During the summer of 2016, STONE spoke to senior Trump Campaign officials about Organization 1 and information it might have had that would be damaging to the Clinton Campaign. STONE was contacted by senior Trump Campaign officials to inquire about future releases by Organization 1.

The indictment does not identify "Organization 1" or its head, but it clearly refers to WikiLeaks and Julian Assange because it says the head of the organization was at the Ecuadorian Embassy in London. Assange has been living in the embassy since 2012, initially taking refuge there while facing sexual offense allegations in Sweden. Sweden has dropped the investigation, but Assange still faces a British arrest warrant for skipping bail.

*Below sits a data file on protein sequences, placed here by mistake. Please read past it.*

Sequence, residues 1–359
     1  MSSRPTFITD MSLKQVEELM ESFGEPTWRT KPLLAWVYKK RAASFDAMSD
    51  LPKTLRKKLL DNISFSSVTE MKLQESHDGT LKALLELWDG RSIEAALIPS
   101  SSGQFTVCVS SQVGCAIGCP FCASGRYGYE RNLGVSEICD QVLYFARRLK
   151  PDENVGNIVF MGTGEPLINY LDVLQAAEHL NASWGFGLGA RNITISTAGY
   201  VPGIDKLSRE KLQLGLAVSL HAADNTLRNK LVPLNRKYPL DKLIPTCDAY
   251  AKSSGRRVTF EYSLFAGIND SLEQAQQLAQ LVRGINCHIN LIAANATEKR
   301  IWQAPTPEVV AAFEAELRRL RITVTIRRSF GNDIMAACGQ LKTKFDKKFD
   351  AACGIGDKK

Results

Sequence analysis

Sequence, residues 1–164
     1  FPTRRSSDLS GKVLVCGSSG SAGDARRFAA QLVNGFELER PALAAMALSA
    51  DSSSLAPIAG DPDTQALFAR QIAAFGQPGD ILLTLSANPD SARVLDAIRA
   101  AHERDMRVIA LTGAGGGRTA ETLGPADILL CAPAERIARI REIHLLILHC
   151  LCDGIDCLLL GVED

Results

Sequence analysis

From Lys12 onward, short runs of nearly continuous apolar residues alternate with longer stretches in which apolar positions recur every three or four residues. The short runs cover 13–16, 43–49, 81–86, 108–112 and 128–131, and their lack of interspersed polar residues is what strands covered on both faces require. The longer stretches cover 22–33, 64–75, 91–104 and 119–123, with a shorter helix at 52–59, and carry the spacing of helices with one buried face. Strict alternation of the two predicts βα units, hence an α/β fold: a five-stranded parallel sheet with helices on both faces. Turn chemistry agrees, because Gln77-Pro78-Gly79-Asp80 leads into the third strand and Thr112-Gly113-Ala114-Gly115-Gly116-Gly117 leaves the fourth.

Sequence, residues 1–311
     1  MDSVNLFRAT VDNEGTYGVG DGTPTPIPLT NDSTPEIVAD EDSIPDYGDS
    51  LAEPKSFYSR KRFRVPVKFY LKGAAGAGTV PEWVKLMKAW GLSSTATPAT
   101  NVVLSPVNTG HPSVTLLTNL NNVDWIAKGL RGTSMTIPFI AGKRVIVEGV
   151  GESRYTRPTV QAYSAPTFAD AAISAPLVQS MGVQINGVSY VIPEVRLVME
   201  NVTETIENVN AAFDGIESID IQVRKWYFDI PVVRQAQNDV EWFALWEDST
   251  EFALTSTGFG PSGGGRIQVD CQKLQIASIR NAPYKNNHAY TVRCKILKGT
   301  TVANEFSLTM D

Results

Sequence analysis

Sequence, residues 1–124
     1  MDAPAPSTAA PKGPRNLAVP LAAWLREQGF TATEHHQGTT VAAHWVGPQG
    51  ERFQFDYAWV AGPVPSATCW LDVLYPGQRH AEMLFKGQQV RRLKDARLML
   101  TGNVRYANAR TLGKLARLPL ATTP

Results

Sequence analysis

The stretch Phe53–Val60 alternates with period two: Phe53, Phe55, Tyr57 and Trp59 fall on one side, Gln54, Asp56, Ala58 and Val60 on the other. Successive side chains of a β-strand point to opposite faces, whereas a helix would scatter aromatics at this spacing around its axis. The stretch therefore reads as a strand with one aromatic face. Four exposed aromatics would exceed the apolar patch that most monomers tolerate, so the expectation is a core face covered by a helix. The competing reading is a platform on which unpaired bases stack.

The group leaked thousands of Clinton campaign emails during the final month of the 2016 campaign. At a campaign rally in Pennsylvania on Oct. 10, 2016, Trump praised the group, saying "WikiLeaks! I love WikiLeaks." In addition, Trump's oldest son, Donald Jr., acknowledged he head been in private communications with WikiLeaks.

Wikileaks founder Julian Assange raises his fist prior to addressing the media on the balcony of the Embassy of Ecuador in London on May 19, 2017.
Justin Tallis | AFP | Getty Images

The indictment also says a senior official in the Trump campaign "was directed" to talk to Stone about potential future releases by Organization 1, following a release of stolen Democratic National Committee emails in July 2016: